All the World Is a Stage, and I’ve got Front-Row Seats

The Producers - 01

I signed up for a class on Scene Setting at the Fulton Theatre. I thought it was going to be about writing scenes. Turns out, it’s an acting class. There are a dozen of us in the class. The rest all want to be actors, and this class is designed for them. I’m enjoying the heck out of it, though.

Sometimes it feels more like a yoga class. We stretch while breathing deeply and make buzzing noises with our lips that we’re supposed to be able to feel in our chest, lower back, and abdomen. We get on the floor and roll around. Well, I don’t get on the floor. I played the Bad Hip card immediately and got a free pass. I’m allowed to sit or walk around while the rest of them are crawling around on the floor acting like whatever animal the instructor just called out. Enraged dragon. Sad frog. Lazy Cow. Jubilant Jackass. I can mosey around weakly snarling, rib-bitting, mooing, and heehawing, while the rest of the class is down on all fours, really throwing themselves into the roles. It was a pisser. If classes had been this much fun back in high school, I might have spent a lot less time in detention.

A lot of the class is about us bonding as an ensemble. We stood in a circle and threw a bean bag around. Whoever caught the beanbag had to say their name and toss the bag to someone else. Eventually, most of us knew the first name of everyone in the class, and this was only the first class! Good ice breaker. I’d like to be able to do that at a party. You forget somebody’s name, you can just toss them the bean bag, and they’ll yell it out.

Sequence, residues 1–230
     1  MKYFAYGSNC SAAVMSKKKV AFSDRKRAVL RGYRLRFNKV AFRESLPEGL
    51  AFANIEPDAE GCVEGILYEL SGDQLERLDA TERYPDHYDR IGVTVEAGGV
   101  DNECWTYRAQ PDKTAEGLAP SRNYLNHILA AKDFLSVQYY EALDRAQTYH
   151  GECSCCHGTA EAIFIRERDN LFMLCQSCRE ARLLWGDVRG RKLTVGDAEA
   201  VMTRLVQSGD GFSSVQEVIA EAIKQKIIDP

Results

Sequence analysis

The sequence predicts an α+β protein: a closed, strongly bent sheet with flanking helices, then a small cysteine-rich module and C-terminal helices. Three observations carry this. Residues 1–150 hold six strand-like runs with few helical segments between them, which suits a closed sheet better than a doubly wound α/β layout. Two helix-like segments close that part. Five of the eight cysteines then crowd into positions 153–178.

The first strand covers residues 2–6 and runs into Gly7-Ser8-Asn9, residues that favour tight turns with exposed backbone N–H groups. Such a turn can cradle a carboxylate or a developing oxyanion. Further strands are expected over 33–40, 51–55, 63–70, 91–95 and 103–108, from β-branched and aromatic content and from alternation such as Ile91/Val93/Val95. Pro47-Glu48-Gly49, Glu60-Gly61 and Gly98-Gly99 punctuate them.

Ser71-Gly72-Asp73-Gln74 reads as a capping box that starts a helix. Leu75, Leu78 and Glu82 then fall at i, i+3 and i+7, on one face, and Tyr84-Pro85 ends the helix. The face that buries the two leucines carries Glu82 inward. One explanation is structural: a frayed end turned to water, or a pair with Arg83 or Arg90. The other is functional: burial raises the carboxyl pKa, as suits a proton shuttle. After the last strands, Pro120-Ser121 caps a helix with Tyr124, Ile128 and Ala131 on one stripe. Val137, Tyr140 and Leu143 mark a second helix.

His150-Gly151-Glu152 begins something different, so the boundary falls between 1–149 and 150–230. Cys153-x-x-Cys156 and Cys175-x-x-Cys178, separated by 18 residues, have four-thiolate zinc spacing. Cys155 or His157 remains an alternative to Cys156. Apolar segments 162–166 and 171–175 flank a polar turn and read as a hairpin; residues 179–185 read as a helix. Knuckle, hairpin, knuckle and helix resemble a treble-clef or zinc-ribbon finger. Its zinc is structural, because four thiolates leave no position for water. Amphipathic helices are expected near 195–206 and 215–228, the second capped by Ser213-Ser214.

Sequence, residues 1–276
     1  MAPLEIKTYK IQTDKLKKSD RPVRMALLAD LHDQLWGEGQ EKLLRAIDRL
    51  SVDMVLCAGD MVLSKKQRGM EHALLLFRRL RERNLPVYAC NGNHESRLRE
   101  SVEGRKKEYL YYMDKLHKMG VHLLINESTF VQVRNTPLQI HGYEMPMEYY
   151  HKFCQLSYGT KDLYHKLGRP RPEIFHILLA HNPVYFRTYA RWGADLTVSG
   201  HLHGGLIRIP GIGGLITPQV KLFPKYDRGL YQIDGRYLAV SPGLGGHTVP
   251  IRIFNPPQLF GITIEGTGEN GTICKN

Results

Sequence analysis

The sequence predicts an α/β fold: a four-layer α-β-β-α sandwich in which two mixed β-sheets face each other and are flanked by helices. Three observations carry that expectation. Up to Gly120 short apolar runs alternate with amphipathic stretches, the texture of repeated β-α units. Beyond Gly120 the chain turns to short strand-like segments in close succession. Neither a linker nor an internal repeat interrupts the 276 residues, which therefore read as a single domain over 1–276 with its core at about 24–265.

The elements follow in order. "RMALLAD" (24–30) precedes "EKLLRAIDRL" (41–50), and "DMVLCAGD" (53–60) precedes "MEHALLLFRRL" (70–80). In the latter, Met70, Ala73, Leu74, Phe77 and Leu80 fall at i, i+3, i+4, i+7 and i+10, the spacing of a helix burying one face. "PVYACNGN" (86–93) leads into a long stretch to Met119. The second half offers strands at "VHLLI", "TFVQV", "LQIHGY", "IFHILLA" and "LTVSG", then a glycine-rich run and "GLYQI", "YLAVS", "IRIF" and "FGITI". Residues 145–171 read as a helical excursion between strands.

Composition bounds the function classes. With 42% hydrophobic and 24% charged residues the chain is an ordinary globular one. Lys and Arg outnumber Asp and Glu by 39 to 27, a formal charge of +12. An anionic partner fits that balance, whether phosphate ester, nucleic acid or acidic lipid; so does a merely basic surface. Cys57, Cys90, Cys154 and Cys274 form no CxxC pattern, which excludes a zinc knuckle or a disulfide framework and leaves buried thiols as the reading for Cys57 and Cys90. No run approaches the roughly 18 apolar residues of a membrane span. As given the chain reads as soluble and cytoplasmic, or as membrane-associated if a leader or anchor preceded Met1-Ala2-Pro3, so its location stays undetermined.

For homework, we had to prepare a short monologue about ourselves, and in the second class, we had to perform it. Everybody opened up about themselves, and some told tales that they might not have even told their best friends. Some even cried, but it was an acting class. Were they caught up in the moment, or were they just really doing a good job of acting? Since this is not an advanced acting class, I’m inclined to believe that people were just being real.

After class, Meg, Leni, and I went for coffee in the café across the street from the theatre. It brought me back to when I was working at NYU School of Medicine and taking free classes at NYU. After each class, a few of us would usually head to a local bar. There was one favorite hangout that had cheap beer and served a great cheeseburger on a Kaiser roll with a big side of popcorn. Actually, the popcorn was free. Everybody who was drinking got a never-ending bowl of it, with much of it ultimately winding up on the floor. The floor was a little bit slippery, but that was a great place to do your homework, especially if you liked popcorn.

Last week, I went to the Fulton Theatre for their production of The Producers. I imagined that most of the performers had gone to classes just like this when they were first learning their craft. I wondered how many in my class would ever wind up on the stage. I know that if a script ever calls for any enraged dragons, sad frogs, or lazy cows, we have some people who are just perfect for the part. Who knows? Even I might wind up on the stage someday, if they ever have a role for a crazy old jackass who can only walk on two legs.  Hee Haw.

Peace & Love, and all of the above,

Earl

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